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People Behind the Product: Meredith Arthur, Chief of Staff, TwoTwenty and Pinside Out Lead

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 Meredith Arthur, Pinterest Chief of Staff, TwoTwenty, joined us for a new edition of our People Behind the Product series. May is Mental Health (Awareness) Month, and who better to share more about prioritizing your mental health than our Pinside Out Pinspiration Group Lead? 

Hi Meredith! Thank you for joining us. Let’s start with an intro!

Hi everyone! I arrived at Pinterest at the end of 2019, which meant I was in the office with everyone for three months before the world shut down. I was hired by Pinterest co-founder Evan Sharp to work on prototypes in the emotional wellbeing space, since my technology background was in content and product work. He heard about my passion for mental health, and knew I had a book coming out, so he thought I might be a fit for the work at Pinterest. I am so grateful to him for taking a gamble on me.

In my first year at Pinterest, I was incredibly lucky to get to work with a fledgling new team called “Emerging Products.” This team’s work was in the innovation space, leveraging new technologies to connect with and inspire Pinners. We renamed the team “TwoTwenty” after Pinterest’s first office address, and I took the role of Chief of Staff. I love my job and the stellar team I get to work with. 

You’ve been at Pinterest for almost four years, can you share a moment that stands out to you when you think about your time here? 

There have been so many. I remember the first time the TwoTwenty team got together for an offsite in California. Finally getting to see people I had loved working with, in person, was so powerful! I knew the team was good, but I was blown away by the quality of the technology talks and the passions shared. Of course, launching Shuffles and seeing it become a viral hit was fun. And I can’t help but mention How We Feel winning the App of the Year Award from Apple for Cultural Impact! Too many moments to choose from.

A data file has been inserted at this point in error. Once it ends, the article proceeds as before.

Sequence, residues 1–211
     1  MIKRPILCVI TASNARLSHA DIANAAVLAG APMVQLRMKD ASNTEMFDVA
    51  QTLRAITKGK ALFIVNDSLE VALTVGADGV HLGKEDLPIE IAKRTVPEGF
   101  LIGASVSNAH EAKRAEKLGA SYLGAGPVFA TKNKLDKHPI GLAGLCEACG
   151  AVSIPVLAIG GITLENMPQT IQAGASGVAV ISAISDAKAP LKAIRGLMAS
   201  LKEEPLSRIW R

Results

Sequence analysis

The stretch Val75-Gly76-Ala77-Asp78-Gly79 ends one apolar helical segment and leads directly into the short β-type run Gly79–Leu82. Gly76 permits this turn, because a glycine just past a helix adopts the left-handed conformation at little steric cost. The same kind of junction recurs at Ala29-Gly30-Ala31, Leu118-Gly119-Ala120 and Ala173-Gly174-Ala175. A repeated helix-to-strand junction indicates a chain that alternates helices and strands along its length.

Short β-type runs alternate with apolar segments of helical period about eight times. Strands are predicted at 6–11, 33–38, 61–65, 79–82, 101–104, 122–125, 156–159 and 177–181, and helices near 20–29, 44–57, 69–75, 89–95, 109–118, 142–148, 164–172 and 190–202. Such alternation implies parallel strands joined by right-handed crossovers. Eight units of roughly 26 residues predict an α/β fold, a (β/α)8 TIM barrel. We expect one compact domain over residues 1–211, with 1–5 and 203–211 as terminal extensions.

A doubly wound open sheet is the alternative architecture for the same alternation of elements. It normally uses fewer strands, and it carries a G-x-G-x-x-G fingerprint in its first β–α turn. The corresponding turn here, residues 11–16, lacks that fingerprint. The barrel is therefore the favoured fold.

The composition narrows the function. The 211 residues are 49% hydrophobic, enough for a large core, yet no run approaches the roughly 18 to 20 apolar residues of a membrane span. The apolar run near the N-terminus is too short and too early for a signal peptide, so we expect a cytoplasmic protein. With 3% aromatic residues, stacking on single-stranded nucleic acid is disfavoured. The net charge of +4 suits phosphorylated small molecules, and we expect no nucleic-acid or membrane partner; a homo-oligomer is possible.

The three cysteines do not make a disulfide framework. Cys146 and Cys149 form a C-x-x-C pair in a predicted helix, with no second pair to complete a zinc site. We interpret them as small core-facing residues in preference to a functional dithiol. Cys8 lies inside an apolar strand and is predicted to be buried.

What is Pinside Out? What are some examples of how you bring mental health support into our company and culture? 

I founded the first-ever mental health employee resource group at the last company I worked for. When I arrived at Pinterest, I knew I wanted to do the same here. It started small – just a few of us sharing stories on Slack. Over time, it grew and grew. The community itself named it “Pinside Out.” We’re now an official Pinspiration Group of over 350 people. Pinspiration Groups are employee interest groups that provide space for discussion, advocacy and programming centered around a common cause to make the world a safer, more inclusive place. We bring in speakers, share resources and host monthly Healthy Hour chats to support our employees. 

This month is important to “Pinside Out.” Did you know that May used to be called “Mental Health Awareness Month” but it is evolving to “Mental Health Month”? It’s a sign that we are all moving beyond awareness and into integration, and I’m here for it. 

Meredith, we love that you champion and advocate for mental health inside and outside of work. What’s a piece (or a few pieces of advice) that you have for individuals facing burnout? 

Well, first of all, I love the definition of burnout given by this Harvard Business Review article: “There are three core attributes of burnout: First, we feel exhausted. Second, we feel cynical and have a sense of disassociation from our projects and the people around us. Third, we feel ineffective, as though we’re accomplishing significantly less than usual and are unproductive.” 

Each of those core attributes require their own special tactics, and as usual, it will take experimentation to figure out what works for you. When it comes to exhaustion, I often tell people to get in touch with their energy balance. Just like you can’t spend endless money without going into debt, you can’t spend endless energy day after day without going into energy debt. And just like with money, the solution starts with creating a budget and tracking your spending. 

Cynicism and disassociation comes from the belief that no one will understand you and nothing will change. It’s hard to fight that feeling, but you can start by trying to think of one person who inspires you. Got it? Now try telling that person what you’re experiencing. The act of articulating it – especially to someone you believe in or admire – is the first step out of the cynicism swamp.

Finally, when you feel unproductive, you may be overthinking what productivity looks like. Start small. Productivity can look like making your bed in the morning before work, organizing your desk and having a clear space or creating an outline for a talk you want to give. Break down bigger tasks into smaller parts. The advice isn’t new, but it is true.

That’s great advice, Meredith! We have to ask, what are you currently Pinning? 

Love this question. I’m in the middle of evolving my shoe style–no more heels–and I’m using Pinterest to help me understand how to be both dressed up while ridding my closet of those torturous high heeled shoes.

Thanks for joining us today! We’re so lucky to have you on our team.

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